Application of the FM techniques to analysis of the shear band propagation in sands and normally consolidated clays, where no conventional tensile fracture can take place, requires rather careful treatment. However, once accomplished, this approach has a number of advantages. First of all, the shear band evolution is treated as a true physical process and not just as a sufficient mathematical condition for its existence.

Another important advantage of this approach is that it for different types of failure to be clearly distinguished. In *progressive failure*, propagation of the shear band is stable in the sense that it requires work of additional external forces. In *catastrophic failure*, propagation of the shear band is unstable and takes place under existing external forces. In our example of the infinite slope, the shear band propagates catastrophically once its length exceeds the critical value. The term *delayed failure*, often used in geotechnical literature, is in fact a particular case of catastrophic failure, in which propagation of the shear band is unstable, but delayed in time owing to, for example local pore water suctions caused by dilation within the shear band, or viscoelastic creep of soil and bulk pore water diffusion.

While this issue is relatively well understood in FM (e.g. Cherepanov & Germanovich 1998), in soil mechanics literature there is no clear distinction between catastrophic, delayed and progressive failure. We find it important to distinguish between them, because for the long-term stability, the delayed failure is as much a concern as the catastrophic failure. Progressive failure under certain conditions may become catastrophic, while the delayed failure may become progressive. All these and other subtleties prove the importance of the consistent classification of failure types. This classification becomes possible under the energy-based approach to the shear band propagation.

From the practical point of view, it has been shown that catastrophic shear band propagation may cause a failure under collapse loads much smaller than those predicted by conventional plasticity analysis. In these cases the corresponding energy-based propagation criteria should serve as a basis for the conservative design and analysis.

This paper is an attempt to apply the generalized FM techniques to shear band propagation in sands and normally consolidated clays. Extension of this approach to non-homogeneous soils and undrained loading conditions, as well as its application to the analysis of the evolution of tsunamigenic submarine landslides, will be published in the companion papers. A more challenging task, however, is to extend this approach to 2D and 3D shear band propagation, and in our opinion, the efforts in this direction should be strongly encouraged.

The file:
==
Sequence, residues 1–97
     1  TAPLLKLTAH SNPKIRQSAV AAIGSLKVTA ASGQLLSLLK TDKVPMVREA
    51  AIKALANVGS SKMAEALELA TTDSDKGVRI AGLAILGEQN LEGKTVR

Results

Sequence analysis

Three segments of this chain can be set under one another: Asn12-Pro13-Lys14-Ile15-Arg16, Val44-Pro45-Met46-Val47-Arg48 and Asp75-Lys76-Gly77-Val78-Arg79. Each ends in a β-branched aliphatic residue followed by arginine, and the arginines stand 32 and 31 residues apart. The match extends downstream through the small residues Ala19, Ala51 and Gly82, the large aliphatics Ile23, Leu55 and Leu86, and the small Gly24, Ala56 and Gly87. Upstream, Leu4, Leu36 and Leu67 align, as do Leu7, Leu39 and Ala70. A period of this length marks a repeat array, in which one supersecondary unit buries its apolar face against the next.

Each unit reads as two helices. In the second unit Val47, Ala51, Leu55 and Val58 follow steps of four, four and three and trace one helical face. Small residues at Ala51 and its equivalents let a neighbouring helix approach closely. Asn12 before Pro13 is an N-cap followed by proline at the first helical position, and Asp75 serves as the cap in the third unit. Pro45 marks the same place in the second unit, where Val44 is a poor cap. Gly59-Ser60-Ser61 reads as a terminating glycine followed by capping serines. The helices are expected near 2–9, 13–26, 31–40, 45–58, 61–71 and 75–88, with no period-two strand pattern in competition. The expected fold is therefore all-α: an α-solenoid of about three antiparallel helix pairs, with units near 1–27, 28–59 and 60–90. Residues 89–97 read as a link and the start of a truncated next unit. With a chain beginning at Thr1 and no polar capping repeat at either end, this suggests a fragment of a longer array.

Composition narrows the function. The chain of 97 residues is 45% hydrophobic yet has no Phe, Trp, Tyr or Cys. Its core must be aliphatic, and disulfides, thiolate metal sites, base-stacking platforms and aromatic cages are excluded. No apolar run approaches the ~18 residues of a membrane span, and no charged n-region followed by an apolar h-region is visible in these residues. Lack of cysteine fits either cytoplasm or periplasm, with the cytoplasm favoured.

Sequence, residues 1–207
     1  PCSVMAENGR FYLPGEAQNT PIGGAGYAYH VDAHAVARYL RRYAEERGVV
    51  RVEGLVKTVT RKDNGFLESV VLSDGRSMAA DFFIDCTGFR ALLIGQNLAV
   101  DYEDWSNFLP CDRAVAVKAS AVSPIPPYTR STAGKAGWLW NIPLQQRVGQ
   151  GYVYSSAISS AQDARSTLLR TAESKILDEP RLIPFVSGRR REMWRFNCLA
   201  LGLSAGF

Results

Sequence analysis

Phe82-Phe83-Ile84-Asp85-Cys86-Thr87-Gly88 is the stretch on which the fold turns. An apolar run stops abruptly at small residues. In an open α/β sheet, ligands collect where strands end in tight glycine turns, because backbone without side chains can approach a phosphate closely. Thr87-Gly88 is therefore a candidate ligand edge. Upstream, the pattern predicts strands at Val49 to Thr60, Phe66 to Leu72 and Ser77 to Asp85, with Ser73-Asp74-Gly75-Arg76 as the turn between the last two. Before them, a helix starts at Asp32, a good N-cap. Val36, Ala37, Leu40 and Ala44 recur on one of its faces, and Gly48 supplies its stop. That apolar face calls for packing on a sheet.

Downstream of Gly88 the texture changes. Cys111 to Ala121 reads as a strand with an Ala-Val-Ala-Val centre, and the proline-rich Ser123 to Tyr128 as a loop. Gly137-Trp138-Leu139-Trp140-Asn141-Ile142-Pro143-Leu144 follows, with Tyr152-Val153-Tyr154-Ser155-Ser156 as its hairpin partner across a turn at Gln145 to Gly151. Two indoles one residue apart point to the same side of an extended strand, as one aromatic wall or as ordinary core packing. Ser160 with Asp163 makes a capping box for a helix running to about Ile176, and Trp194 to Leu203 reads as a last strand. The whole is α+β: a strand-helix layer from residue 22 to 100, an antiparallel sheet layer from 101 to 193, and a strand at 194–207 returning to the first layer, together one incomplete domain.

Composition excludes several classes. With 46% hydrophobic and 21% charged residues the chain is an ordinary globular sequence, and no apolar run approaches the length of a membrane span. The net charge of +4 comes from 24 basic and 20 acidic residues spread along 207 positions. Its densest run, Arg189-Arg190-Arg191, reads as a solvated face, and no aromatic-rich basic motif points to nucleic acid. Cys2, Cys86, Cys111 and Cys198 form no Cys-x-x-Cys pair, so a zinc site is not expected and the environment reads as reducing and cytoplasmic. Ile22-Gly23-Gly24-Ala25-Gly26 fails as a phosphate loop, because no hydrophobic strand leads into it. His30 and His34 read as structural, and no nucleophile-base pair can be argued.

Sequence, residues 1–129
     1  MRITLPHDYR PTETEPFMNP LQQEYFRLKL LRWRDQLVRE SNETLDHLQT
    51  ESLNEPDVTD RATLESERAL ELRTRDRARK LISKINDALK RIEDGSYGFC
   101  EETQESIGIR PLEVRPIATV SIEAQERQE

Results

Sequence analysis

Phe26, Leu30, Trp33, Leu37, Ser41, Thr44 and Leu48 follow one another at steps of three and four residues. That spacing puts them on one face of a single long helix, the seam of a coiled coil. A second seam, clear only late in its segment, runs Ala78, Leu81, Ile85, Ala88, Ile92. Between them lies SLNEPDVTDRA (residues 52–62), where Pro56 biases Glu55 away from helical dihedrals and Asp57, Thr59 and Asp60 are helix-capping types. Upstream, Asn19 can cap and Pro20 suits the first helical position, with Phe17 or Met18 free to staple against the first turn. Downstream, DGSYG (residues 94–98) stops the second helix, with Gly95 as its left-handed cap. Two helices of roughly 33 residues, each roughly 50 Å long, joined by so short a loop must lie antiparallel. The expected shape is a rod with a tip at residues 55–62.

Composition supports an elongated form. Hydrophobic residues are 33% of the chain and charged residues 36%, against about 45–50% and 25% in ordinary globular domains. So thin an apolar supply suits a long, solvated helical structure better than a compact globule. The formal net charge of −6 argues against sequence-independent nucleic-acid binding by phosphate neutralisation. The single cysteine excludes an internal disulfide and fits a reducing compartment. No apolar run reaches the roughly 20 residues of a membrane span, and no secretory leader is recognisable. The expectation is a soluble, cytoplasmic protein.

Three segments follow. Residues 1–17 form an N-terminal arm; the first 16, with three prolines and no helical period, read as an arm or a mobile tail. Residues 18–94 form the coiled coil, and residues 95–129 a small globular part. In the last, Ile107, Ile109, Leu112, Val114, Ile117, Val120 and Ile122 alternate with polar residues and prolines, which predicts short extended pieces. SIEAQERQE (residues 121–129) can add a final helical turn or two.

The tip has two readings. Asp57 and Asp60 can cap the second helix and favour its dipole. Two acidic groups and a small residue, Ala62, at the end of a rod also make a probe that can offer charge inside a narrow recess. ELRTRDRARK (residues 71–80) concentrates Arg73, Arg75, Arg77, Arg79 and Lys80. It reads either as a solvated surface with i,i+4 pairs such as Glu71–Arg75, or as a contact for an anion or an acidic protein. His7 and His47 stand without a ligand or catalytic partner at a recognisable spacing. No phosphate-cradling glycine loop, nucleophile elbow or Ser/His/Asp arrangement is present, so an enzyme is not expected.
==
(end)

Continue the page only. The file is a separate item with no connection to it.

## 9. Uncited references

## energy balance propagation criterion for dilating soils

Dilatancy manifests itself in a volume increase in drained shear of overconsolidated clays and dense sands, so that a tangential displacement *δ* along the shear surface is accompanied by the normal displacement *δ*tan *ψ*, where *ψ* is the angle of dilation. In the presence of dilatancy, the energy balance criterion for the shear band propagation (4.4) has to be modified to include the incremental dissipation Δ*D*_{d}(A1)where(A2)is the plastic work done by the dilation in the shear band against the normal stresses perpendicular to the band. The inner integral in (A 2) reflects the fact that the angle of dilation is not constant during the strain-softening stage of the post-peak behaviour: it decreases from its peak value *ψ*=*ψ*_{p} at the peak shear stress *τ*_{p} to *ψ*=0 (critical state) at the residual shear stress *τ*_{r}. Assuming, in the first approximation, that the angle of dilation decreases linearly with the shear stress(A3)and substituting equation (A 3) into (A 2), we obtain(A4)

Note that *δ*(*x*)<*δ*_{r} and everywhere within the band outside the small end zones. Within the end zones, however: *δ*(*x*)≤*δ*_{r} and , but their contribution is small, so that the upper bound of *D*_{d} provided by the inequality (A 4) is rather accurate.

Assuming that during the shear band propagation the increments of its length are *dx*_{1}and *dx*_{2} for the lower and upper ends, respectively, the corresponding increment of work is(A5)

Expressions (4.9)–(4.12) and (A 5) after being substituted into inequality (A 1) yield the sufficient shear band propagation condition for a general form of constitutive law. By substituting equations (4.1) and (4.14) into this general criterion and utilising expressions (4.15), after certain mathematical elaboration we obtain the propagation criterion for the shear band in dilating soil(A6)where *r* and *l*_{u} are defined by expressions (3.8)–(3.10);(A7)

Condition (A 6) requires that for propagation of the shear band in a dilating material, the length of the shear band should exceed the value of *l*_{cr}:(A8)

As is seen here, it differs from the original propagation criterion (4.25) by a factor of , which depends solely on soil friction and dilation parameters.

## Footnotes

- Received July 29, 2003.
- Accepted July 2, 2004.

- © 2005 The Royal Society